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A Brief History of Music Therapy

Find out about the history of music therapy, where it came from and how it grew. Learn who the founder were and the legacy they have created.

Music Therapy is practised in countries all over the world, and each of these countries bring their own musical heritage and traditions to the profession. This brief overview is of the development of the music therapy profession in the UK, which is where Sarah and Vicky trained and practice as therapists. Information about the international practices of music therapy can be found at the World Federation of Music Therapy website

Music was noticed to have an effect on the mood of veterans in the First World War, and this led to music being introduced in hospitals treating shell shock. Music therapy as a profession in the UK first became organised in 1958 by Juliette Alvin with the development of the Society for Music Therapy and Remedial Music, a few years after a similar organisation was formed in the USA. In 1967 this organisation was re-named the British Society for Music Therapy and aimed to share information about music therapy to anyone with an interest in the subject. In 1976 another organisation formed, the Association of Professional Music Therapists, which was founded to support trainee and qualified music therapists. The APMT worked towards achieving state registration in 1999 with what is now the Health and Care Professions Council. The two organisations worked closely together and merged in 2011 to create the British Association of Music Therapy.

The first UK training in music therapy was launched by Juliette Alvin at Guildhall School of Music and Drama in 1968, a programme which is still running to this day. In 1974 a music therapy training centre was established by Nordoff-Robbins, who had developed an approach that particularly highlighted music’s potential to support children with special educational needs. Nordoff and Robbins now operates as the largest music therapy charity in the UK. There are now nine training courses offered across the UK where therapists can gain the Masters level training required to practice in the UK and to register with the HCPC. Students are trained to use music to respond therapeutically to the communication of a client/clients, and courses also cover related subjects such as psychotherapeutic theory and child development to different degrees.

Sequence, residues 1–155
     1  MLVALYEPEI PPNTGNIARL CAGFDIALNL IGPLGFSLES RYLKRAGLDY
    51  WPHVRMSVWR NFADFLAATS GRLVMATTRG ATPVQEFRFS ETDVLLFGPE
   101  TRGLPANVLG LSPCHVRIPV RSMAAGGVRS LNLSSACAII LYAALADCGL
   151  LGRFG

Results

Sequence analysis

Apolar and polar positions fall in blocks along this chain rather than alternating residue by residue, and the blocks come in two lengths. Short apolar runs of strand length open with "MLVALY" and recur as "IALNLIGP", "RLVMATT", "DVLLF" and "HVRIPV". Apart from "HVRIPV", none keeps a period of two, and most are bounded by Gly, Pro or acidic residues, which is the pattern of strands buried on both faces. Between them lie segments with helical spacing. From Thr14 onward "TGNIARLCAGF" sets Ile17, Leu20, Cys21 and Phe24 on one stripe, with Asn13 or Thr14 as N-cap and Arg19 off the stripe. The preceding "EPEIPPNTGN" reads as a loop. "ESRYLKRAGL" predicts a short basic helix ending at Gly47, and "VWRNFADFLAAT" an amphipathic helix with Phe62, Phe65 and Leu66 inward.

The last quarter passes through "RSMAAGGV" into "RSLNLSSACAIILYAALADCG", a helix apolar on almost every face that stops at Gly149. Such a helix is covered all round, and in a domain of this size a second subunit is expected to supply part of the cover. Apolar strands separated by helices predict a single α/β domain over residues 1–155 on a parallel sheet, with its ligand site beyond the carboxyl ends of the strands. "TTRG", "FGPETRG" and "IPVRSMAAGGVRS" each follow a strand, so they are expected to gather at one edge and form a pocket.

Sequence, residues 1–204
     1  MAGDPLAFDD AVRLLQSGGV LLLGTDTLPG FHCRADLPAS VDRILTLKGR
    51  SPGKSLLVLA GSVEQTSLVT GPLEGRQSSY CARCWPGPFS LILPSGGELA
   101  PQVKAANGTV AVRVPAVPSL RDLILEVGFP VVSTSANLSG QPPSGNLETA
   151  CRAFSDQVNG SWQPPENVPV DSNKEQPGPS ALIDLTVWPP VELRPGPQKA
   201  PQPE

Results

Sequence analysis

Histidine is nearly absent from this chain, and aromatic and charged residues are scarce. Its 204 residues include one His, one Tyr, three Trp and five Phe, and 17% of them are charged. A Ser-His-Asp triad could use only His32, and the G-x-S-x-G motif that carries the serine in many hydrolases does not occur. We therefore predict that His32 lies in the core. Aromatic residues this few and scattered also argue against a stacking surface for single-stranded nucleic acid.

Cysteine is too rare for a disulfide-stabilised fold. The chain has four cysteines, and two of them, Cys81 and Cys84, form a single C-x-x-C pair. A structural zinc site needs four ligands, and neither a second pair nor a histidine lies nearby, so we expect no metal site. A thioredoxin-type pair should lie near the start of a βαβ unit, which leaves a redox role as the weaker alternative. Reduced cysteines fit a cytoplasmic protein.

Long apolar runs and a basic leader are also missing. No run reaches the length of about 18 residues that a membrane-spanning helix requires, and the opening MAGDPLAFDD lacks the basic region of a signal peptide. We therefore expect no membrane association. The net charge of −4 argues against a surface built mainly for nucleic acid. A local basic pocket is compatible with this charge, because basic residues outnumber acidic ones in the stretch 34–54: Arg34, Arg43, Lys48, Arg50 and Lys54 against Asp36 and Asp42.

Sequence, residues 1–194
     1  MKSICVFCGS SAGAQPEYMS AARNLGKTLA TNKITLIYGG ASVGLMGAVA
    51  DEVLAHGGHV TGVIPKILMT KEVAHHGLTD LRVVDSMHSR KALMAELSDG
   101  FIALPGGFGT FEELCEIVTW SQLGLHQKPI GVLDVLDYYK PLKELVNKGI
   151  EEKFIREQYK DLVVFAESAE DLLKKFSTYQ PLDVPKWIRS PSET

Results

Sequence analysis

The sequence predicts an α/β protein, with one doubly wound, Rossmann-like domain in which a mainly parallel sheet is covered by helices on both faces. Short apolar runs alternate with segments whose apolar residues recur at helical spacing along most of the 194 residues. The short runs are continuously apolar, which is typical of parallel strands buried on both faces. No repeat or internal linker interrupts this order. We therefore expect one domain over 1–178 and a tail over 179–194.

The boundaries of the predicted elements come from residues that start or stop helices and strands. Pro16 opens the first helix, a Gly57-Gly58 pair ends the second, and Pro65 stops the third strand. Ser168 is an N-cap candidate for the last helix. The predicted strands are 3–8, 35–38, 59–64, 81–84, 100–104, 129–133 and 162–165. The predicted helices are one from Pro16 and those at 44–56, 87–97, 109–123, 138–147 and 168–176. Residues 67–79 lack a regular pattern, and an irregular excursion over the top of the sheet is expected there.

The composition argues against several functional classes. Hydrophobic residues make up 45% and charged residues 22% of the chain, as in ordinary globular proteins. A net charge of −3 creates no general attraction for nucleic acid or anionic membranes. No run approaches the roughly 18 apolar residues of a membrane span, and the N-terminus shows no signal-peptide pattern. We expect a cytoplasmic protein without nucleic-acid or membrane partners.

Since these first developments in the UK profession, music therapy has developed in many ways and now includes specialist areas such as neurologic music therapy, community music therapy, vocal psychotherapy and guided imagery and music. Music therapy sessions still take place in hospitals, but also in schools, community centres, people’s homes, prisons, rehabilitation centres and workplaces. Therapists provide 1-1 sessions with clients, but also run groups and collaborate with other professions including speech and language therapy and other arts therapies including art and dance. New research in the field is published regularly and conferences are held worldwide to bring therapists together to connect and learn from each other, in order to continue to grow and develop the profession.

The young people that are attending music sessions at the moment, I know are benefiting massively from it.

Lizzy Watkiss, Occupational Therapist

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